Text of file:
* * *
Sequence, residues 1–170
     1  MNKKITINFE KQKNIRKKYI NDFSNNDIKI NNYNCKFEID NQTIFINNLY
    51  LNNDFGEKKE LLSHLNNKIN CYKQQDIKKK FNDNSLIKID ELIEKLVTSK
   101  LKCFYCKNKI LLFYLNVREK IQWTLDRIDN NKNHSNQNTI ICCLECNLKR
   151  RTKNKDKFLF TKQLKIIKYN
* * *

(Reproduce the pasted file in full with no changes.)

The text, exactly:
Sequence, residues 1–170
     1  MNKKITINFE KQKNIRKKYI NDFSNNDIKI NNYNCKFEID NQTIFINNLY
    51  LNNDFGEKKE LLSHLNNKIN CYKQQDIKKK FNDNSLIKID ELIEKLVTSK
   101  LKCFYCKNKI LLFYLNVREK IQWTLDRIDN NKNHSNQNTI ICCLECNLKR
   151  RTKNKDKFLF TKQLKIIKYN